With chief minister Narendra Modi wooing the Muslim community and also projecting himself as ‘Vikas Purush’, it seemed Hindutva as a political force had run its course in Gujarat. But it cannot be mere coincidence that a large number of religious programmes — all ‘planned months before the assembly polls’ — are to be held during election time.
It seems plans are afoot to create an undercurrent of Hindutva for voters’ consumption but what is not clear is who will benefit from it this time. Social scientists are of the view that this Hindutva undercurrent will help not only the BJP but also Keshubhai Patel’s Gujarat People’s Party (GPP).
Baba Ramdev’s yoga camps were held recently in various parts of Saurashtra and South Gujarat where elections are be held in the first phase. Shri Shri Ravi Shankar’s events in north and central parts of Gujarat will be held on four days around Diwali. A three-day national convention — Rashtriya Vedic Dharm Mahadhiveshan — has been organised from November 17 at the shrine of Sufi saint, Imam Shah Bava, at Pirana near Ahmedabad. The Imam Shah dargah is at the heart of a dispute between Hindus and Muslims as the dargah has devotees from both communities.
Morari Bapu will be delivering his Ram Katha from December 8 to 16 at Karnavati Club in Ahmedabad. It may be mentioned here that elections in the city will be held on December 17, a day after the Ram Katha concludes.
Social scientists, however, feel that Hinudtva is always present in Gujarati society and one has to do little to keep it alive. Religious events planned for election time and even issues like the death of two boys who were students at Asharam Bapu’s ashram, could subtly affect voters during polls. But the beneficiary this time will not only be the BJP but also the GPP, say sociologists and political scientists. Veteran social scientist Prof Rohit Shukla said that without the visible support of the VHP and the RSS, the BJP in Gujarat is feeling frustrated.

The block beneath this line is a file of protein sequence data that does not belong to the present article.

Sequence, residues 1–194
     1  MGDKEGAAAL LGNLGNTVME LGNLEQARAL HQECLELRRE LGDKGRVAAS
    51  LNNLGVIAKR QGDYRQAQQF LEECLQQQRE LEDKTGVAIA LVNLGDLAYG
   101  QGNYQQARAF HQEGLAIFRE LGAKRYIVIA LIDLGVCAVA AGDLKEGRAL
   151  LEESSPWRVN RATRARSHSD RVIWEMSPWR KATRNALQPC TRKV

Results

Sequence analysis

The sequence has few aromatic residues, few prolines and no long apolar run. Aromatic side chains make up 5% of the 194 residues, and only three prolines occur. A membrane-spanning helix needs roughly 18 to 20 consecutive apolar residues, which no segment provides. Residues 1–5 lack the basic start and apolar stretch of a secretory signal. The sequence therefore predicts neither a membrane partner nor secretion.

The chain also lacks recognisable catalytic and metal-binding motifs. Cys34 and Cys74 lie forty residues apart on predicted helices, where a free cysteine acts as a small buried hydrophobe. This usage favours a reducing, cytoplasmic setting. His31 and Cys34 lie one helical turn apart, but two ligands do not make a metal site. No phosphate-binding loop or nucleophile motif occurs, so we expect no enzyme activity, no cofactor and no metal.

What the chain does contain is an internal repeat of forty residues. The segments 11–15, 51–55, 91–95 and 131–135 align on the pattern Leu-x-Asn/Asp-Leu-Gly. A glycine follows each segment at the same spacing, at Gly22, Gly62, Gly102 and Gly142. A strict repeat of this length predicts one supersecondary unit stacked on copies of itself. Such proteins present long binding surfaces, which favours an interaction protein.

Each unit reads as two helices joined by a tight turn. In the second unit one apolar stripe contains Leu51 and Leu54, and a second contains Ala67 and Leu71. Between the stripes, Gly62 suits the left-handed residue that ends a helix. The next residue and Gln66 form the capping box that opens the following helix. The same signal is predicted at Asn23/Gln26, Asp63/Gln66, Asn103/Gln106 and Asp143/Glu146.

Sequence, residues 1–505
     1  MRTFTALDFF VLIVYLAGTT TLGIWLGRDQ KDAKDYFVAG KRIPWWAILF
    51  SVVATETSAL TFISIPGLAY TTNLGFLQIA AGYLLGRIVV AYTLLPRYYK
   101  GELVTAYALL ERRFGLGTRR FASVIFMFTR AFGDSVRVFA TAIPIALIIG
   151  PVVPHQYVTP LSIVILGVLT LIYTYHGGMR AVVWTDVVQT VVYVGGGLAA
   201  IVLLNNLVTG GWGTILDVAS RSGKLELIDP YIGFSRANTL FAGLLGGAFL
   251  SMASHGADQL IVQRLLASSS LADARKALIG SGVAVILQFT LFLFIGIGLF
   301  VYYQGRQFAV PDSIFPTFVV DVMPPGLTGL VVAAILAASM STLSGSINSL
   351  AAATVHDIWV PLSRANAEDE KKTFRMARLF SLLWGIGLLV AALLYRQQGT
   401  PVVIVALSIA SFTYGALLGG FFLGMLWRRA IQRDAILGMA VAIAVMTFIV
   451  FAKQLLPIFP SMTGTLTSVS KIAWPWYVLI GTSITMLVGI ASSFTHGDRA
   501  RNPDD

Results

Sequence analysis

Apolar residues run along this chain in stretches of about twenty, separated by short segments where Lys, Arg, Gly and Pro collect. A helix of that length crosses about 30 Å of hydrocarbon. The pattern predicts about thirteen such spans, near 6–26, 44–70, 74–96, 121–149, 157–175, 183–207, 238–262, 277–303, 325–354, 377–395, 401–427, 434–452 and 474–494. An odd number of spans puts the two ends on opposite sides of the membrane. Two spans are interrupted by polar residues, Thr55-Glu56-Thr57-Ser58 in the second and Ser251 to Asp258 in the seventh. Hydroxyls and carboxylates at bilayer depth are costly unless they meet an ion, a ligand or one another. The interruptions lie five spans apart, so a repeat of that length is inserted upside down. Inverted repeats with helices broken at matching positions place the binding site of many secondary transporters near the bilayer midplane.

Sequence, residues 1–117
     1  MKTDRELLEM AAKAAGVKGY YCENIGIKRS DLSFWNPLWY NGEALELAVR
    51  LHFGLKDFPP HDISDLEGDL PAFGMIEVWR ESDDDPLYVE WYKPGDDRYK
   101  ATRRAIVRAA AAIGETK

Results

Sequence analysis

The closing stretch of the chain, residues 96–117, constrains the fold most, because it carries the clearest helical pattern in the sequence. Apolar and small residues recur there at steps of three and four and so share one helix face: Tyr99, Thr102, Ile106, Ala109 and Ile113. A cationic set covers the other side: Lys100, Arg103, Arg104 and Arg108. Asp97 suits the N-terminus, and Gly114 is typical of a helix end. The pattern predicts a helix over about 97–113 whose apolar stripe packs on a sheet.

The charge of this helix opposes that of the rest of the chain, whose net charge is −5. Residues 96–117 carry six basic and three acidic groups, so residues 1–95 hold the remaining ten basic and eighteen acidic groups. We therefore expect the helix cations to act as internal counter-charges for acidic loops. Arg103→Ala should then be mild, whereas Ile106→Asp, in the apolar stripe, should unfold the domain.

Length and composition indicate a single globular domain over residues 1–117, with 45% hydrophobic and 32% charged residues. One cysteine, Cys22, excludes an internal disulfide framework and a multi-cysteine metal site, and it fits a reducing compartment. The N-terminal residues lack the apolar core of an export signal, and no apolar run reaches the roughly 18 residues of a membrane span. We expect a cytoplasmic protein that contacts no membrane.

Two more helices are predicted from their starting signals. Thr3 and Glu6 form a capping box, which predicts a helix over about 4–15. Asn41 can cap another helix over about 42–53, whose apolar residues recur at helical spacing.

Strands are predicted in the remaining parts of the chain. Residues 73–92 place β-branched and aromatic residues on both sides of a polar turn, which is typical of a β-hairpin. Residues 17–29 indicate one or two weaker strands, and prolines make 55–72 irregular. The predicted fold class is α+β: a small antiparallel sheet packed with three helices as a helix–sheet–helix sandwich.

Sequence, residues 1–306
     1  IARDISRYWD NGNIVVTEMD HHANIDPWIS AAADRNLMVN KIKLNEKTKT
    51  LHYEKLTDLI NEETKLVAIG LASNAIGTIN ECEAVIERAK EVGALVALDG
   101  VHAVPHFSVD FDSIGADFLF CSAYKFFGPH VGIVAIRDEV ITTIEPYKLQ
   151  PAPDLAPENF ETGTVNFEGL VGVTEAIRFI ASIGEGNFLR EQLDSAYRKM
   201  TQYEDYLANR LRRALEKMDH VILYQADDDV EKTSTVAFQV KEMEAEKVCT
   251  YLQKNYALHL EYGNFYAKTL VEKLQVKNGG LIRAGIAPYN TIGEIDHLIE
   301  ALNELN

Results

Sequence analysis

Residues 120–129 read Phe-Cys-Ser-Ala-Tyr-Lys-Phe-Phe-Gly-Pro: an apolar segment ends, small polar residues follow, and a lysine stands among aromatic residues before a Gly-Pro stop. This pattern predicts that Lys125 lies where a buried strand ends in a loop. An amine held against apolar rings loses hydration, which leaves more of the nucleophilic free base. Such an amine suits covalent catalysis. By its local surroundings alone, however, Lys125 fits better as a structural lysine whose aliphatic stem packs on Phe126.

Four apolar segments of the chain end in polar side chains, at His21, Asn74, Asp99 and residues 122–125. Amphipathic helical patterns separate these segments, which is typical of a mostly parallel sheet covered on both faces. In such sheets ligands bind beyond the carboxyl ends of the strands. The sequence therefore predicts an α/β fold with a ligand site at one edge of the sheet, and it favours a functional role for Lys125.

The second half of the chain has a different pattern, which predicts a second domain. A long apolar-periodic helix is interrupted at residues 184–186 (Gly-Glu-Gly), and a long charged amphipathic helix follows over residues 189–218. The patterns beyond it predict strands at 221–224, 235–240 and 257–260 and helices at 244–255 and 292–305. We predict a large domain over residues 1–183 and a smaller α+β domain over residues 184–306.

“For this reason, there are efforts to activate small religious groups which have limited following. This shows that the Hindutva section of society is moving away from the Sangh Parivar,” Shukla said. He further said that under chief minister Narendra Modi, the BJP in Gujarat had become something like a regional party.
“Moreover, there is now GPP in the fray and Keshubhai’s party too has a Hindutva image. It should not be forgotten that it was under Keshubhai’s leadership that the BJP had registered its first impressive victory. During this election, voters with a Hindutva mindset have the GPP as an alternative to Modi’s BJP,” Shukla said.
Prof Ghanshyam Shah, former professor of Social Sciences at Jawaharlal Nehru University in New Delhi, agrees that the BJP under Modi had been reduced to the status of a regional party in Gujarat.
He further said that Hindutva as a sentiment was still present in Gujarat society and that religious events held during election time may help not only the BJP but also the GPP.
“Swadhyaya activities, Morari Bapu’s Ram Katha, Asharam Bapu’s ashram and other activities which began in the 1970s have created a Hindutva sentiment in Gujarat that will continue for some time in one form or another. For this Hindutva, there is no difference between the BJP and Keshubhai,” Shah said. He, however, added that it is very difficult to say how Hindutva-minded voters will vote in the upcoming elections.